A staple of the human diet for thousands of years, bone broth is enjoying a resurgence of interest due to its powerful health benefits. Bone broth is easy to incorporate in your diet as a base for soups, stews and legumes. Follow our recipe below to make your own fortifying and replenishing broth.
Top 5 Reasons to Eat Bone Broth:
- Nourish Your Gut
Bone broth is full of gelatin and collagen, which soothes the intestinal tract and helps heal leaky gut, aka intestinal permeability. With stress, diet, alcohol, caffeine and NSAIDS wreaking havoc on our intestines, anything and everything we can do to help repair the gut is beneficial, as a healthy intestinal tract is essential to overall good health.
- Boost Your Immune System
Yes, Grandma was right about chicken soup. A traditional folk remedy for colds and flus, bone broth provides a rich array of nutrients (especially gelatin) which support your immune system. Cysteine, an amino acid found in chicken, helps to thin mucus so it can be expelled more easily. When fighting a cold, make a chicken broth with added spices or peppers to make it spicy to help keep the mucus moving.
- Increase Bio-available Minerals
As a result of soil degradation, the mineral content of our foods is reduced, and many of us have compromised absorption due to poor gut health. Yet minerals are critical to so many bodily functions and impact everything from our bones to our mood and our sleep. Supplying calcium, magnesium, potassium, silicon, sulfur and phosphorous, bone broth provides an excellent means of boosting your mineral intake.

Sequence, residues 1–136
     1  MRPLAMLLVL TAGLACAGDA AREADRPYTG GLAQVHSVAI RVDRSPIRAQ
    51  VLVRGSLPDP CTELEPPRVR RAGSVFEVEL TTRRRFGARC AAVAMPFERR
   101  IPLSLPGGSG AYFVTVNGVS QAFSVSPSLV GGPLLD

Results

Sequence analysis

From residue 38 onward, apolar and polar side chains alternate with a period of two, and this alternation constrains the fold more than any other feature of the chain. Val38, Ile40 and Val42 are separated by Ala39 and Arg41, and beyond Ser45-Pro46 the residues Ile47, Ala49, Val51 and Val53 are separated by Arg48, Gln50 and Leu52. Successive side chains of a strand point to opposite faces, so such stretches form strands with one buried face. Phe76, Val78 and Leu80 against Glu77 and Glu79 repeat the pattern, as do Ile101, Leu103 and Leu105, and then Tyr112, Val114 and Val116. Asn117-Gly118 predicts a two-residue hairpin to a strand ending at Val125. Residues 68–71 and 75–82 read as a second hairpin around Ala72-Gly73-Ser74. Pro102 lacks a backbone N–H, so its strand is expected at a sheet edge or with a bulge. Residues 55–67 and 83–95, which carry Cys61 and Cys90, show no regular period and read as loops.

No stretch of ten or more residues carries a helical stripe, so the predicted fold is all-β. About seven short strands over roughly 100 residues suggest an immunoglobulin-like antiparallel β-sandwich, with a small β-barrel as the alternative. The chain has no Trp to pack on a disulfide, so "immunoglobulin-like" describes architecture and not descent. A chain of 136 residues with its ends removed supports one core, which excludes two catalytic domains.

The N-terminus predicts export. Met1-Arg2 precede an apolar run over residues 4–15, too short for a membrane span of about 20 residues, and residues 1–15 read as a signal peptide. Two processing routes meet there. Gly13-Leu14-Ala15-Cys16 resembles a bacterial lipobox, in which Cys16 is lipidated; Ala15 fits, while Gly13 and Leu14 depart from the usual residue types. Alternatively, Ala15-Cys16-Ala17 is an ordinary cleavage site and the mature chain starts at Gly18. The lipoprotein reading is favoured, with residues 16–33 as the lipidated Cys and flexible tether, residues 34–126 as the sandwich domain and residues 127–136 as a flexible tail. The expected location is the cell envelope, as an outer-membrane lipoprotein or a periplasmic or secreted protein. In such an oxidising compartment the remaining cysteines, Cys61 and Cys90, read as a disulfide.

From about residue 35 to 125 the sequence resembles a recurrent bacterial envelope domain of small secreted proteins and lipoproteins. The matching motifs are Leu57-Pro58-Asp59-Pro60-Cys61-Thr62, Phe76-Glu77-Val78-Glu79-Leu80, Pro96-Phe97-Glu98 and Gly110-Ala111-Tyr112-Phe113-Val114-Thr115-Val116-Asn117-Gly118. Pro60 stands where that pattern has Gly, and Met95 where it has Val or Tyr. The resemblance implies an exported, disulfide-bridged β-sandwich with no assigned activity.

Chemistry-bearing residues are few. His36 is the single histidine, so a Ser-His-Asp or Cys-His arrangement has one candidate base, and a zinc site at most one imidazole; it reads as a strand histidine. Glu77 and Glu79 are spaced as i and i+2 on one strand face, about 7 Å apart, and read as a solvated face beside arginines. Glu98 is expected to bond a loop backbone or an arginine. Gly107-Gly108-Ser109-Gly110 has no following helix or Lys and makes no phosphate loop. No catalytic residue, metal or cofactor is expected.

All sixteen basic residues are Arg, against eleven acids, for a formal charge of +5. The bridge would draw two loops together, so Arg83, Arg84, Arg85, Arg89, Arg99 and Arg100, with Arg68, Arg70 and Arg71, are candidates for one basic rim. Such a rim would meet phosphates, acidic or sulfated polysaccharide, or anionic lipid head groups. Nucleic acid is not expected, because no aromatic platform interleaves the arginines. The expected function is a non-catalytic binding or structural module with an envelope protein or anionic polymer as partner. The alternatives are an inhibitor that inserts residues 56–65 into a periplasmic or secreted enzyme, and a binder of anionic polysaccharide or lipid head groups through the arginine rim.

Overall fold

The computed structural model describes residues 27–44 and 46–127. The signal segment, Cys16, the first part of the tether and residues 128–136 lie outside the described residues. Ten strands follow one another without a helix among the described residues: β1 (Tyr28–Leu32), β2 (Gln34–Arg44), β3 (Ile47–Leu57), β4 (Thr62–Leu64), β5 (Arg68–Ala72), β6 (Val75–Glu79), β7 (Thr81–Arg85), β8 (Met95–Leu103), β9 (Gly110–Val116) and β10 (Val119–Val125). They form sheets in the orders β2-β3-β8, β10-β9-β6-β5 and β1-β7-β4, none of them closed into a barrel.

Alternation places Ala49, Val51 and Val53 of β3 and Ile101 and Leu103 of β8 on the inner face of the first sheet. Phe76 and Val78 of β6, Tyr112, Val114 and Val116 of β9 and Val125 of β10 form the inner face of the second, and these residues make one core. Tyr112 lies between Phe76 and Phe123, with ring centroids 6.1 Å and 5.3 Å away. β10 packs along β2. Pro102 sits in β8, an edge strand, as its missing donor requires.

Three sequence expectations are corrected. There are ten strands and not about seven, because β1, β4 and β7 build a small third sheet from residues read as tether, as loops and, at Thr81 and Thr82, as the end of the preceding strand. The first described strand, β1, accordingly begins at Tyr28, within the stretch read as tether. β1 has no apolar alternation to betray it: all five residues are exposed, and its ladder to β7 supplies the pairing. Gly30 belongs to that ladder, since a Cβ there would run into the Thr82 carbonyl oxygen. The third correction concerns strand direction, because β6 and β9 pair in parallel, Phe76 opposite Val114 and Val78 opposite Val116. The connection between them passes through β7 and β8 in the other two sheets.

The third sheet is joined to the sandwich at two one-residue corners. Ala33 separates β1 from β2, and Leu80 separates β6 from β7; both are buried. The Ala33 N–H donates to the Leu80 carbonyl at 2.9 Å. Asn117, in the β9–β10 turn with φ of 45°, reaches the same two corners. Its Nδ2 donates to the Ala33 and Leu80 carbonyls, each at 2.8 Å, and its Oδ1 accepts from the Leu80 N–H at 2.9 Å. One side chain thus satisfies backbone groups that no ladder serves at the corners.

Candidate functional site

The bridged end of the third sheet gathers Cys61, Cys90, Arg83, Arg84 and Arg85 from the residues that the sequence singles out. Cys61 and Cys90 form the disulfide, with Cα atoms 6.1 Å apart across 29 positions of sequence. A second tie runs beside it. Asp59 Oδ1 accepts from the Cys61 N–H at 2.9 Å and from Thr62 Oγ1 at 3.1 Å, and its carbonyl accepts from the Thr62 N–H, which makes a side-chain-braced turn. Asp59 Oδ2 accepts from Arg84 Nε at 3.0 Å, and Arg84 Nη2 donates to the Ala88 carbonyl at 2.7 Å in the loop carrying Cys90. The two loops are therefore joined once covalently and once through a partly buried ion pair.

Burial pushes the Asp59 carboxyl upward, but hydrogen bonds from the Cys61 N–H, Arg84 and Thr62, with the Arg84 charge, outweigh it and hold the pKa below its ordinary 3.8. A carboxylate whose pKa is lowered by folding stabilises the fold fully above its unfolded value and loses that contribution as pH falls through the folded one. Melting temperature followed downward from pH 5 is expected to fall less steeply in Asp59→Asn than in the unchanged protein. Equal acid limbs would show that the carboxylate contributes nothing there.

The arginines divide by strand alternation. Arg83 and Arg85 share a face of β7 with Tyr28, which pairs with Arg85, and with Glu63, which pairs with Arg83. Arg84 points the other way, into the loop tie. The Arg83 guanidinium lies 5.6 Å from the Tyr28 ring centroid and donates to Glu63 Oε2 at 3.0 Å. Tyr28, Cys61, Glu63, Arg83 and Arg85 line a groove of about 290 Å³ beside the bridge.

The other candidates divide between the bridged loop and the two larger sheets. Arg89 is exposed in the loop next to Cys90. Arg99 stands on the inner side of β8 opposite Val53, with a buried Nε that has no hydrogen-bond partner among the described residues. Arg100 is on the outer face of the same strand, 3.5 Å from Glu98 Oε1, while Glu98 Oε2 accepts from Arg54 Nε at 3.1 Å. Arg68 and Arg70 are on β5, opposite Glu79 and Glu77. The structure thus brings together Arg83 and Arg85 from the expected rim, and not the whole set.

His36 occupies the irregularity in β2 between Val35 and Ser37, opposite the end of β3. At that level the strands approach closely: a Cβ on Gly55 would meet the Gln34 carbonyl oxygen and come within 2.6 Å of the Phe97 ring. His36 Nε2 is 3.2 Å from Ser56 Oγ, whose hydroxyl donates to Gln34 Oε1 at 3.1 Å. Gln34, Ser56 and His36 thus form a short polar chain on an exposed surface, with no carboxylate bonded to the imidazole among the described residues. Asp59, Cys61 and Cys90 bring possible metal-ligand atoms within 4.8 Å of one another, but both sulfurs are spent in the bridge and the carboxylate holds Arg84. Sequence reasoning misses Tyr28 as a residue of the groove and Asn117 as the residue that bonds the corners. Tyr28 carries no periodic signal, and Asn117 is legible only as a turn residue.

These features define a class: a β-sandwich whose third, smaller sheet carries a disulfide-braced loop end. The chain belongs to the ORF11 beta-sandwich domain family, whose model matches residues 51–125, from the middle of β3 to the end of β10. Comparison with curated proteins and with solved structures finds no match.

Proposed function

- Promote Healthy Skin
A rich source of skin-supporting amino acids glycine and proline, along with collagen, the ultimate skin food, bone broth can improve skin elasticity and fight wrinkles.
- Reduce Inflammation
Glucosamine, chondroitin, collagen, and gelatin support your joints, bones, and reduce inflammation throughout your body.
How to Make Bone Broth:
Broth is forgiving so exact measurements are not required for success. The essential ingredients are simply bones, water and vinegar, which draws the minerals out from the bones. Vegetables (carrots, garlic, onion), sea salt and herbs improve the flavor and can be added towards the end of the cooking time, if desired.
- 2 – 4 lbs bones – from poultry, fish, shellfish, beef or lamb (pastured, organic, and grass-fed)
- 1 gallon water or enough to cover bones (approx. 2 cups of water per 1 pound of bones)
- 3 - 4 tablespoons of apple cider vinegar (or other natural vinegar)
Pour water and vinegar over raw or cooked bones in a large pot (e.g. the remains of a roasted chicken) and let sit for 30 – 60 minutes. Heat the pot and bring the water to a boil. Skim any scum that rises to the top. Reduce heat and allow the broth to simmer gently. Cook on low for at least 6 hours or overnight, to extract the most gelatin and nutrients from the bones. Use your slow cooker if you have one. After several hours of barely simmering, remove from heat and strain through a fine mesh sieve, strainer or cheesecloth. Use as a base for any type of soup, or drink one cup a day for a health-promoting tonic.